The World Bank has warned Nigeria and other Africa nations to prepare hard as they might record the first case of recession due to the COVID-19 pandemic.
According to the world financial institute, sub-Saharan Africa could slip into its first recession in a quarter of century because of the coronavirus pandemic on the world’s most impoverished continent.
“We project that economic growth in Sub-Saharan Africa will decline from 2.4 percent in 2019 to -2.1 to -5.1 percent in 2020, the first recession in the region in 25 years,” the Bank said in an assessment.
The virus has arrived late in Africa compared to elsewhere but is spreading rapidly in some countries, and the continent is highly vulnerable to declining trade and tourism as well as falling prices for oil and mineral exports, it said.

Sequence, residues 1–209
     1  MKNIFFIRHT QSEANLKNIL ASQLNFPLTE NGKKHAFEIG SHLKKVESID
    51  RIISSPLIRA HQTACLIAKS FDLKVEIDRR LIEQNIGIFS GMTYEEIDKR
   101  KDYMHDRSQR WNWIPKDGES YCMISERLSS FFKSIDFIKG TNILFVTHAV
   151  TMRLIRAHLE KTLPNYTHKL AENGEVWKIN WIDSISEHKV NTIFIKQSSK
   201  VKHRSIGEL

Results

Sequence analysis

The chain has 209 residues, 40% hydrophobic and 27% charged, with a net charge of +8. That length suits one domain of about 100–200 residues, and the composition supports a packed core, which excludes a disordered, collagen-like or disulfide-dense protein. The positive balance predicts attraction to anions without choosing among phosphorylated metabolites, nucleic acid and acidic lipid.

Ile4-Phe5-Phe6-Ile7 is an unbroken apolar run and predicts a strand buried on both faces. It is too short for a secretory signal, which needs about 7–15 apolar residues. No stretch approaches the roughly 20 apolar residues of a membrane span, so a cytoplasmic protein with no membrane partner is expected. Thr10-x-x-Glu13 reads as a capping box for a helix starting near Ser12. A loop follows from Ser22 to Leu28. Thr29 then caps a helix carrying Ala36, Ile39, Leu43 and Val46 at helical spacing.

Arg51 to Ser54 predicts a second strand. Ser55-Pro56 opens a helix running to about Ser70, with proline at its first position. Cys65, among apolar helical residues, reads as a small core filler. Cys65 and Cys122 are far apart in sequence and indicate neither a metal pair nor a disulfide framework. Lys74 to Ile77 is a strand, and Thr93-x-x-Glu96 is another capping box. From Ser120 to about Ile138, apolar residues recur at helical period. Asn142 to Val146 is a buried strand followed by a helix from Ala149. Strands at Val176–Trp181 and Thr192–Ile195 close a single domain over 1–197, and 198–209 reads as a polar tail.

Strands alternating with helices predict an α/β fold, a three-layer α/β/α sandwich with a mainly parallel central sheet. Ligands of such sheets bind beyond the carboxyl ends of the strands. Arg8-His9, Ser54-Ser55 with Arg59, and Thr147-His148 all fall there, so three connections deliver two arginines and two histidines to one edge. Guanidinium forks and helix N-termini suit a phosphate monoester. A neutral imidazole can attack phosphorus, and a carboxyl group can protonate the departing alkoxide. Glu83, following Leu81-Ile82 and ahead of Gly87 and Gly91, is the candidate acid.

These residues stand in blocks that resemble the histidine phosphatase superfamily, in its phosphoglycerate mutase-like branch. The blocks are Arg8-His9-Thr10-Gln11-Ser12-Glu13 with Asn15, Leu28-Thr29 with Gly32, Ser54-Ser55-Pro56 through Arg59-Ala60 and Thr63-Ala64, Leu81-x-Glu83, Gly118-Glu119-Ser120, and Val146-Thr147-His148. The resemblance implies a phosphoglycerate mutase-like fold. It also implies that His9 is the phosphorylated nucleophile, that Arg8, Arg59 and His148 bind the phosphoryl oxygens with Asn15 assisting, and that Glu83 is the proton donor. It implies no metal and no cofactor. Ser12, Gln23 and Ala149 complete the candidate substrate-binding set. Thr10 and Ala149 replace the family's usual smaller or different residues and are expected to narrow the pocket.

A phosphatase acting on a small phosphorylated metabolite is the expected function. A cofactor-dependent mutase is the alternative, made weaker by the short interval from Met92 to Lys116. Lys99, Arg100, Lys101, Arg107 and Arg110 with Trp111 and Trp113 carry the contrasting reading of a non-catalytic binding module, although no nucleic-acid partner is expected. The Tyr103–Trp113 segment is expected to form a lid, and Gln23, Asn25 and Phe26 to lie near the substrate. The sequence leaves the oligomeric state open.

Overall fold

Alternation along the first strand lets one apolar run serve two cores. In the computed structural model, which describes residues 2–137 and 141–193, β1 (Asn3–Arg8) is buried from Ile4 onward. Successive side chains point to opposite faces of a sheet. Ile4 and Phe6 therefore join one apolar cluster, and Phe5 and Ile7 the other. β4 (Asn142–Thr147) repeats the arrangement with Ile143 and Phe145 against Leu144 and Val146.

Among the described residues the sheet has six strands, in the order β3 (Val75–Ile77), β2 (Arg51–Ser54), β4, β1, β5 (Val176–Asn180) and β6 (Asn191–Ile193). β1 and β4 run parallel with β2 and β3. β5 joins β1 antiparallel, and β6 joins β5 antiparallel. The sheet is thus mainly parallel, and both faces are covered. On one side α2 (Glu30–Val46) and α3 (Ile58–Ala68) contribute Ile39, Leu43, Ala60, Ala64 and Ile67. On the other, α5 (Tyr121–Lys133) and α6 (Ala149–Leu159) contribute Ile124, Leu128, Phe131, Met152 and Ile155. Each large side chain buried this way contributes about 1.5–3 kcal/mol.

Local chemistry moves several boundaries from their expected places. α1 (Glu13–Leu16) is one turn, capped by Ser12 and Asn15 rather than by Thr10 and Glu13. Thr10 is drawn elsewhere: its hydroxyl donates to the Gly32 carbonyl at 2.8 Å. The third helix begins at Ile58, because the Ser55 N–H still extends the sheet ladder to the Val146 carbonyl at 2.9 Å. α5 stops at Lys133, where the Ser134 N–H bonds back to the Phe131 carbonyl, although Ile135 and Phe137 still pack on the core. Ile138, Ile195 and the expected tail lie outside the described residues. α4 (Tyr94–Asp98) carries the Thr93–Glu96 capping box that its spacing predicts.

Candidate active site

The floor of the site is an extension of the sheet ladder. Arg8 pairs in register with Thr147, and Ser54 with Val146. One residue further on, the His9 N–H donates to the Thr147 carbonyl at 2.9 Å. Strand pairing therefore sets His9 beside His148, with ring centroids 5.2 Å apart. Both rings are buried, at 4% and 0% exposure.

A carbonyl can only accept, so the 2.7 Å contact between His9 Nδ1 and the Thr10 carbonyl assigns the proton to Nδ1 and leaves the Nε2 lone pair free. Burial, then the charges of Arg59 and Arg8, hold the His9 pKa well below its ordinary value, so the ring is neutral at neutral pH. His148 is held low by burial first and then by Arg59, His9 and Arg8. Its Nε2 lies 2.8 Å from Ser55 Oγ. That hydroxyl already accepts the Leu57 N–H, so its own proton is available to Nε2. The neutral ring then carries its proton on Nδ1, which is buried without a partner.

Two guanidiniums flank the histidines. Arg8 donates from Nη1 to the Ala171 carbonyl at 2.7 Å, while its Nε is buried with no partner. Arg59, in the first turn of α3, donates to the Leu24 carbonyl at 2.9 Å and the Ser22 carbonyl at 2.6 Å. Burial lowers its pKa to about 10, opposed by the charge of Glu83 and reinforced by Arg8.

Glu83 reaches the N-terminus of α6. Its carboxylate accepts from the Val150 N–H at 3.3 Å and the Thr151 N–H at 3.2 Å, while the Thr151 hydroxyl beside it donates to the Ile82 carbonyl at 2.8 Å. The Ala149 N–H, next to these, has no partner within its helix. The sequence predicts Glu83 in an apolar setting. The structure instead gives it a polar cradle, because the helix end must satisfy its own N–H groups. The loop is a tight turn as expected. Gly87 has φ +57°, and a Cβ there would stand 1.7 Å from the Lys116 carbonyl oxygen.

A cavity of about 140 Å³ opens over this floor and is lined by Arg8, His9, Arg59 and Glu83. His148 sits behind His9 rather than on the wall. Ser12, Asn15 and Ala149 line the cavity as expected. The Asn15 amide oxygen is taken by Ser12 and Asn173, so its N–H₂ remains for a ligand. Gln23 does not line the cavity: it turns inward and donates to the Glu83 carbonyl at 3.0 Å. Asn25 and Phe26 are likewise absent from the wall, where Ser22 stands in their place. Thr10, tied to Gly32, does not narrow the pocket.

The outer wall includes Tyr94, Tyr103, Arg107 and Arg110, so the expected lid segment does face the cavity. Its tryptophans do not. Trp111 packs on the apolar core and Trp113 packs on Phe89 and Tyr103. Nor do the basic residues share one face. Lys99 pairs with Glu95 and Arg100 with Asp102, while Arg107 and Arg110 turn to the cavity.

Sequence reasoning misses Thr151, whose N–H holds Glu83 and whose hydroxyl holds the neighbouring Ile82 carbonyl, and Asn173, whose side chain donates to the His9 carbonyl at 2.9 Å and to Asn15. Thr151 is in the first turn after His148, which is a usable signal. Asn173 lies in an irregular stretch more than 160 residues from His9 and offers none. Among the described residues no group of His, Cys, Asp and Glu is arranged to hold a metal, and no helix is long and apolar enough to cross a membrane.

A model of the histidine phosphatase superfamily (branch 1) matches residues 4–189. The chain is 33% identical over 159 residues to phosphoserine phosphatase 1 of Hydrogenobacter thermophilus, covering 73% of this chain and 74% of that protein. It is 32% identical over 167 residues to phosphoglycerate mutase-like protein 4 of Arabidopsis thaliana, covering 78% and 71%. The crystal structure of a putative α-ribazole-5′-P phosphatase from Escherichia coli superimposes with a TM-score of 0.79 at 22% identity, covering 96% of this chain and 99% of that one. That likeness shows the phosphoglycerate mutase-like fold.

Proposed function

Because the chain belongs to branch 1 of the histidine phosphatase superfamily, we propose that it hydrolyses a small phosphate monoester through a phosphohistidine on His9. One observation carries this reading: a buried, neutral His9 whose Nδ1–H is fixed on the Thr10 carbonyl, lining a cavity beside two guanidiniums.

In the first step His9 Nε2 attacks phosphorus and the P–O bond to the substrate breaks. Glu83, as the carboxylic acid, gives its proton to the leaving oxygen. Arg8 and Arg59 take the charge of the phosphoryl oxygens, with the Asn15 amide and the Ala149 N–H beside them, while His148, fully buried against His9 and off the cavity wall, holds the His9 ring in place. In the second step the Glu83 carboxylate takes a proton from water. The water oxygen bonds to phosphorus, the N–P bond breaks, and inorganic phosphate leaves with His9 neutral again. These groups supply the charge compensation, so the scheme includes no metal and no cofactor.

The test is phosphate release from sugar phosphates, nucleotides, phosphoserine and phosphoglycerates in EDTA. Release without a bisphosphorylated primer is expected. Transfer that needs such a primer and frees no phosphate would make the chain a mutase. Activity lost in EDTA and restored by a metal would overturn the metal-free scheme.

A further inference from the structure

“The COVID-19 pandemic is testing the limits of societies and economies across the world, and African countries are likely to be hit particularly hard,” said Hafez Ghanem, the Bank’s vice president for Africa.
The impact on African countries will vary, the twice-yearly economic update report said.
It warned, however, that real gross domestic product was forecast to “fall sharply” in the three largest economies — Nigeria, South Africa and Angola — because of “persistently weak growth and investment” and declining commodity prices.
The continent’s most industrialised country, South Africa, slipped into recession in the final quarter of 2019 and has posted its weakest growth rates ever in the past five years — never exceeding 1.3 percent and in some years falling below one percent.